"Even though we continue to invest aggressively, the model's working and we have enough cash to get to profitability with what we have right now."

New sales strategy paying off?

Another key factor behind Domo's rising revenues is a new sales strategy that targets larger enterprise customers.

The impact was made clear in the last quarter results, which showed the number of Domo customers with over US$1 billion in annual revenue had risen by 19 per cent year-on-year to 447 of the total of 1,500 organisations that use the software.

These businesses generate big bucks for Domo. James revealed in the earnings call that around 80 per cent of the company's annual recurring revenues is comprised of customers paying more than US$50,000 in yearly subscriptions.

Domo hopes to attract further enterprise customers by rapidly expanding the platform. At Domopalooza, James announced a series of new machine learning-powered features.

To help organisations act on insights more quickly, Domo has launched the Business Automation Engine, an orchestration layer that works across data, systems and people to send individual employees suggested actions directly to their phones.

Analytics tool Mr Roboto has been bolstered by the addition of 'Did You Know', a new tool that surfaces automated insights tailored to each user, who can further refine that personalisation by providing feedback on the signals.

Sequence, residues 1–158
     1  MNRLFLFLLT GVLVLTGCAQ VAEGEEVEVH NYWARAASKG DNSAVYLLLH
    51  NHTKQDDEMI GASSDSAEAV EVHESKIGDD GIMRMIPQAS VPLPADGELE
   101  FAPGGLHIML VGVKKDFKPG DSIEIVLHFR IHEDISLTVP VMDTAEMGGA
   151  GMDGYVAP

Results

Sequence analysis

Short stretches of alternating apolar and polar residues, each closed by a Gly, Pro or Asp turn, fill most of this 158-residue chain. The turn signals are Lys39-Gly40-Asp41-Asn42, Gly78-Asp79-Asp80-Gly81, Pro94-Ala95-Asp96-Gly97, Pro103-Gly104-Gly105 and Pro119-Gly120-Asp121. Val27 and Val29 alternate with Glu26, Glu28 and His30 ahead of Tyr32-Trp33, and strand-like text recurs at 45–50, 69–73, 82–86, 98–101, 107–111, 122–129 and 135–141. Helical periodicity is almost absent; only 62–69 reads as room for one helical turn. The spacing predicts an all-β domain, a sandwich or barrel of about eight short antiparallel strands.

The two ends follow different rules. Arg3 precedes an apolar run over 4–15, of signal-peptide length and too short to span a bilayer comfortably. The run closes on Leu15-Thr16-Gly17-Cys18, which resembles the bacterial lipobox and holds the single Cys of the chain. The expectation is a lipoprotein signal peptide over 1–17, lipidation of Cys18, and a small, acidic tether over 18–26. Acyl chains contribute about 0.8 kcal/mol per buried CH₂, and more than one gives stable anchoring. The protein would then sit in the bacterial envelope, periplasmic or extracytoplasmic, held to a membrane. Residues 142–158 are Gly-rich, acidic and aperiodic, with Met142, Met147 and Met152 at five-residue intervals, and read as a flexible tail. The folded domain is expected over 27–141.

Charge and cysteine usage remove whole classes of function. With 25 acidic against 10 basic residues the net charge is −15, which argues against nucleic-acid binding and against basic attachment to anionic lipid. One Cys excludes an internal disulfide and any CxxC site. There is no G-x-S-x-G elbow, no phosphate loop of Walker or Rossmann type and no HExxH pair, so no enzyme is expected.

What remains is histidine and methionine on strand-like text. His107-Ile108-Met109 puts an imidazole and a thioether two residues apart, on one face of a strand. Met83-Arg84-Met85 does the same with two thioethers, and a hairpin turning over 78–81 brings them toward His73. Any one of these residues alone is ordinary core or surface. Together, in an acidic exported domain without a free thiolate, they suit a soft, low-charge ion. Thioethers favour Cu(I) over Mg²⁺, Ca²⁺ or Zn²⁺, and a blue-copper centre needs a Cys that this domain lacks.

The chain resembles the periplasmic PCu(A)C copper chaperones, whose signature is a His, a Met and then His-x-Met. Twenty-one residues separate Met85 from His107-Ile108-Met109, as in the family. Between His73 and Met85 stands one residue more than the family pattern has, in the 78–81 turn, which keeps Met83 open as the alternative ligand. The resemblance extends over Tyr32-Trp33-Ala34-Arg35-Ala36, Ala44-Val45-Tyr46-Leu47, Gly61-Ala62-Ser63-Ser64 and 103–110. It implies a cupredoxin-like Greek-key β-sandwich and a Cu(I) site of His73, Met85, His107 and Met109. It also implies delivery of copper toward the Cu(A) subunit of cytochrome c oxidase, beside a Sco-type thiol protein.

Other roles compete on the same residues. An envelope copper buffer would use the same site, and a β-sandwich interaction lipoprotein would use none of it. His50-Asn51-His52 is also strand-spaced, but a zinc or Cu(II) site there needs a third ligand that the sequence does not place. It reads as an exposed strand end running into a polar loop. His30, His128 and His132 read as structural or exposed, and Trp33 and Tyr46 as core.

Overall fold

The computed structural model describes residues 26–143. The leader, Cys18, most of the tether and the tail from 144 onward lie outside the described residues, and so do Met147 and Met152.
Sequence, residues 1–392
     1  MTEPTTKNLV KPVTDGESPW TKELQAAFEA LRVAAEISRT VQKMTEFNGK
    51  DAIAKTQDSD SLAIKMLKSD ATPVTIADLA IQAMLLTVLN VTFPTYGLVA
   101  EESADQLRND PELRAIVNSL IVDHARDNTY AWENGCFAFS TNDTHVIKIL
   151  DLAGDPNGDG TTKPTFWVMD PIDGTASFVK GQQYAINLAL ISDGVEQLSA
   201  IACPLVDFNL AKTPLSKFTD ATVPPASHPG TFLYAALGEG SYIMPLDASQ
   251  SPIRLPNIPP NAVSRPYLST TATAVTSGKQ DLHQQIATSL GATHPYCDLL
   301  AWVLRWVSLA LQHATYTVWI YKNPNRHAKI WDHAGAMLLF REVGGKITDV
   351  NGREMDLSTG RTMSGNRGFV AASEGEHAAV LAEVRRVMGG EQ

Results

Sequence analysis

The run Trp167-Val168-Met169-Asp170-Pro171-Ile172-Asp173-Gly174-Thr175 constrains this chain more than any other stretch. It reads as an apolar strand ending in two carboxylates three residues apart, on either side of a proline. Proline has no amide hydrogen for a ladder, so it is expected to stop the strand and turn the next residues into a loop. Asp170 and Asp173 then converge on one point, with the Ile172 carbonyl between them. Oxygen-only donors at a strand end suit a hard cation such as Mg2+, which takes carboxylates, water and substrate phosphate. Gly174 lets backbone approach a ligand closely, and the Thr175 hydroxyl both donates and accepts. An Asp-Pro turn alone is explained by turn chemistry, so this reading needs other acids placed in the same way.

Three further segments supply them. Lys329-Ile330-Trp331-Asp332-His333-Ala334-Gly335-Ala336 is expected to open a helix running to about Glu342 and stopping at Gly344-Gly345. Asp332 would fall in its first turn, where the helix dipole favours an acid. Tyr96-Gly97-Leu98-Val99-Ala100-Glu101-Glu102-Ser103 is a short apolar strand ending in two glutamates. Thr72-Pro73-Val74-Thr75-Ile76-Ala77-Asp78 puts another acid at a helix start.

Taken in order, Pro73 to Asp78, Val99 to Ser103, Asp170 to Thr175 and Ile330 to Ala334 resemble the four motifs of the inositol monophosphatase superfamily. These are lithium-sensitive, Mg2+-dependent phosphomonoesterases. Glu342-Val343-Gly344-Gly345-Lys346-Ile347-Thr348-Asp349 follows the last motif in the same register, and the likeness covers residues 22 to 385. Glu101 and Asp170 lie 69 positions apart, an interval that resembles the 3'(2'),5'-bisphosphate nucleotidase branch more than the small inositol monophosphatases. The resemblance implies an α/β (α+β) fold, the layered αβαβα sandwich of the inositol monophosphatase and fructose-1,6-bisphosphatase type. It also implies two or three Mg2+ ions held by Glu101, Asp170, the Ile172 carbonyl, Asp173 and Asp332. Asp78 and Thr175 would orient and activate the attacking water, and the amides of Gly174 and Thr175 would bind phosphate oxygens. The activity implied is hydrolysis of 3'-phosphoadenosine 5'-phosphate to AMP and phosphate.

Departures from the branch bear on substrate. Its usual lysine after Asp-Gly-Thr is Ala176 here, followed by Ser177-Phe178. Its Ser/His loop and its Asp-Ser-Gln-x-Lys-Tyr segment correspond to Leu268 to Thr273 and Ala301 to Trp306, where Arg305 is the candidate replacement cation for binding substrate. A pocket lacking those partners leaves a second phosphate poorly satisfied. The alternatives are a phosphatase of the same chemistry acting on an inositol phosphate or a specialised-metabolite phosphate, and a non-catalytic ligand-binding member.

The Domo Data Science Suite has also been upgraded. It now integrates with the popular Jupyter notebook, allowing data scientists to use all their Domo datasets in the coding collaboration tool, and with Amazon SageMaker, which enables them to apply models and insights found through Sagemaker directly in Domo.

James claimed that Domo had finally finished creating its "digital transformation platform" after ploughing US$400 million into developing the product.

"When you put US$400 million of R&D into a product, you expect a much much larger company to come out of it than we are right now," he admitted. "And that's what we expect and that's what we're excited about."

Future profitability?

Any celebrations over Domo's revenue growth will remain subdued until Domo addresses the burn rate that has created a big deficit.

The recent financial reports suggest that's now underway. James revealed that the company was cutting personnel and marketing costs, which helped reduce operating expenses by 11 per cent.

If that was a harbinger of more frugal times, the swinging cuts are yet to fall on Domopalooza.

Before the opening keynote had closed, the stage had been taken over by robot dancers on stilts, acrobats hanging on fabric attached to the ceiling, an arsenal of t-shirt cannons launching swag into the crowd, and an NFL Superbowl-winning quarterback throwing footballs to fans.

Investors will hope that James lives up to his pledge to keep the business in the front but will likely want the party pushed further into the distance.

Tags softwareDomo